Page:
The distribution and stability of human immunodeficiency virus type 1 (HIV-1) in breast milk (BM) components remain largely unknown. Inhibitory effects, if any, of BM on HIV RNA and DNA PCR amplification are poorly understood. We have addressed these issues by using virus-spiked BM samples from HIV-negative women. BM samples from HIV-negative women were spiked with HIV-1 virions or cells containing a single integrated copy of HIV DNA (8E5/LAV). After incubation under different experimental conditions, viral RNA was detected by the Roche Amplicor UltraSensitive assay in whole-milk, skim milk, and lipid fractions. We found excellent correlation between HIV-1 input copy and recovery in whole milk (r = 0.965, P < 0.0001), skim milk (r = 0.972, P < 0.0001), and the lipid fraction (r = 0.905, P < 0.001). PCR inhibition was observed in less than 10% of the spiked samples. Similar levels of inhibition were noted in BM samples collected from HIV-infected women. HIV proviral DNA was detected in BM samples using real-time PCR (linear correlation between the threshold cycle versus log DNA copy number, > 0.982). The effects of incubation duration and temperature and repeated freeze-thaw cycles on HIV RNA recovery were analyzed. HIV RNA levels were remarkably stable in whole milk after three freeze-thaw cycles and for up to 30 h at room temperature. Our findings improve the understanding of the dynamics of HIV detection in BM and the conditions for BM sample collection, storage, and processing.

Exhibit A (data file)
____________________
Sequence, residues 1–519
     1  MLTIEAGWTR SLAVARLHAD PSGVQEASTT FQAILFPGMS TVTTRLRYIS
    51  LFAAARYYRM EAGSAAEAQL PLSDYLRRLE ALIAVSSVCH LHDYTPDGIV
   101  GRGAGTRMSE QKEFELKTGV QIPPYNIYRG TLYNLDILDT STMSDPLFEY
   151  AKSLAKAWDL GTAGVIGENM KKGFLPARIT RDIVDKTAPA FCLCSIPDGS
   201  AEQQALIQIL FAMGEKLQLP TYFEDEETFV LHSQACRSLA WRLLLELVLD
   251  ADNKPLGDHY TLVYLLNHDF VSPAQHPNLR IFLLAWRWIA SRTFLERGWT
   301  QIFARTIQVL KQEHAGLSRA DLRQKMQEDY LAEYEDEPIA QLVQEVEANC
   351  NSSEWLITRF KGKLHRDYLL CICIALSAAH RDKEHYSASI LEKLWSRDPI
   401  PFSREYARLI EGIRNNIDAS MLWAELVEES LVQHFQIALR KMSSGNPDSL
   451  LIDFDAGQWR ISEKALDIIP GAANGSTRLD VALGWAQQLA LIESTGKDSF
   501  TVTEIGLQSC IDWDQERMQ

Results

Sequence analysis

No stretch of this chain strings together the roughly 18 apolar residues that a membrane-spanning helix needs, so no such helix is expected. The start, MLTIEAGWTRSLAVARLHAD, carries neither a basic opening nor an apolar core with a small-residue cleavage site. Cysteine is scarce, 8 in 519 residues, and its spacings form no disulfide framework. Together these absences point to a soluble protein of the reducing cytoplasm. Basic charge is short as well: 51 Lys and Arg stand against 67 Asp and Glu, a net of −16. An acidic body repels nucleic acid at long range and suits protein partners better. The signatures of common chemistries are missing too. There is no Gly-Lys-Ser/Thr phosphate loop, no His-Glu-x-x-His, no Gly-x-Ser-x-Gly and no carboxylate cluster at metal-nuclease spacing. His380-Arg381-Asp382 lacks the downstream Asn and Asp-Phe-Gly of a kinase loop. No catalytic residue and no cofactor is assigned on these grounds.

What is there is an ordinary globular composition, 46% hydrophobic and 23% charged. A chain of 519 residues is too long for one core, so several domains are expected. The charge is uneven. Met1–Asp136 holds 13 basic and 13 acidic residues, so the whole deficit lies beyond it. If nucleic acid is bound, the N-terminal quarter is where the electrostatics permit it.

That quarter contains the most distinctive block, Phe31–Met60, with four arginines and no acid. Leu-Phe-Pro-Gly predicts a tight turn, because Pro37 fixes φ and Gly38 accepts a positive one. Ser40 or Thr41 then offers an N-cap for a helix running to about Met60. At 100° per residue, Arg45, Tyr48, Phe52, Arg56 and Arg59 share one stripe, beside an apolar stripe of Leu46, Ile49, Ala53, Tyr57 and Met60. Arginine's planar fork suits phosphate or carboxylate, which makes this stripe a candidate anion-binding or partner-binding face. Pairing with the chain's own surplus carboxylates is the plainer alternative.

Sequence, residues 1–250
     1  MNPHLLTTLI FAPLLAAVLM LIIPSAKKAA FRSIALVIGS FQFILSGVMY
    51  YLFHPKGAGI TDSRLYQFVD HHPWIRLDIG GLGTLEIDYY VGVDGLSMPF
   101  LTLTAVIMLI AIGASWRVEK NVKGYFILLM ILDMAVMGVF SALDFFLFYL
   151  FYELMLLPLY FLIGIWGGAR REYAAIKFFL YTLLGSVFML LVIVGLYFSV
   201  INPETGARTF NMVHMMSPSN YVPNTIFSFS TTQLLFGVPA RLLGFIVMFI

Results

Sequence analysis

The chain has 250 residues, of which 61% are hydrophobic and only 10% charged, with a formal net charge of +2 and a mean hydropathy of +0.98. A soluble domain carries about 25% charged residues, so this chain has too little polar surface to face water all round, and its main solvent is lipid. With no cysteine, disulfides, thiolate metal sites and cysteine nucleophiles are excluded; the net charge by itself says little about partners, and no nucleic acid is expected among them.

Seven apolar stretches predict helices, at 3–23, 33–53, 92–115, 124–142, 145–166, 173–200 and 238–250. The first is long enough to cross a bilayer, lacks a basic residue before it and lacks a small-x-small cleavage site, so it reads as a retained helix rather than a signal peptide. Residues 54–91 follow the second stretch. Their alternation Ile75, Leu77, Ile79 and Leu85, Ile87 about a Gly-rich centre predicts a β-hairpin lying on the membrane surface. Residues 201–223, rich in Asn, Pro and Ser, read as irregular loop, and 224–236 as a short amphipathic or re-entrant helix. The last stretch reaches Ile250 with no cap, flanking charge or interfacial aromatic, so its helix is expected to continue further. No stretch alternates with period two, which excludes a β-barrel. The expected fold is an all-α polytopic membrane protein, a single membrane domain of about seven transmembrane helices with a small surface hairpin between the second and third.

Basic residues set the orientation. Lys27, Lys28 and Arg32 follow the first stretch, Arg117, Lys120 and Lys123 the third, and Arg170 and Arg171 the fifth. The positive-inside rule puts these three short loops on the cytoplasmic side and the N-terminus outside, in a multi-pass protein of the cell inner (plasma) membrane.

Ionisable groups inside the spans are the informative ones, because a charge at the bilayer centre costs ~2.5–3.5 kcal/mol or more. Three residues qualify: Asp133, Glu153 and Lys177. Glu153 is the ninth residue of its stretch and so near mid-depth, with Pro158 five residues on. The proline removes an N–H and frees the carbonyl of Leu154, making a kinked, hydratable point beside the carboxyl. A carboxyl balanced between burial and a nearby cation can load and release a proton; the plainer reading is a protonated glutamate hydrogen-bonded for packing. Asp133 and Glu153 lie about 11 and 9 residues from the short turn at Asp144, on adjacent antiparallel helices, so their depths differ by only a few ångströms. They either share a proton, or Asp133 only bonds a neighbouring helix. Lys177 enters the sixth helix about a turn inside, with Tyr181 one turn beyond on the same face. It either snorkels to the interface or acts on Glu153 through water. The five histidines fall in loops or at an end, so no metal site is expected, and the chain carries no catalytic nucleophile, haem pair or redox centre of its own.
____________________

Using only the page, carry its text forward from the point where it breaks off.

ASJC Scopus subject areas
- Microbiology (medical)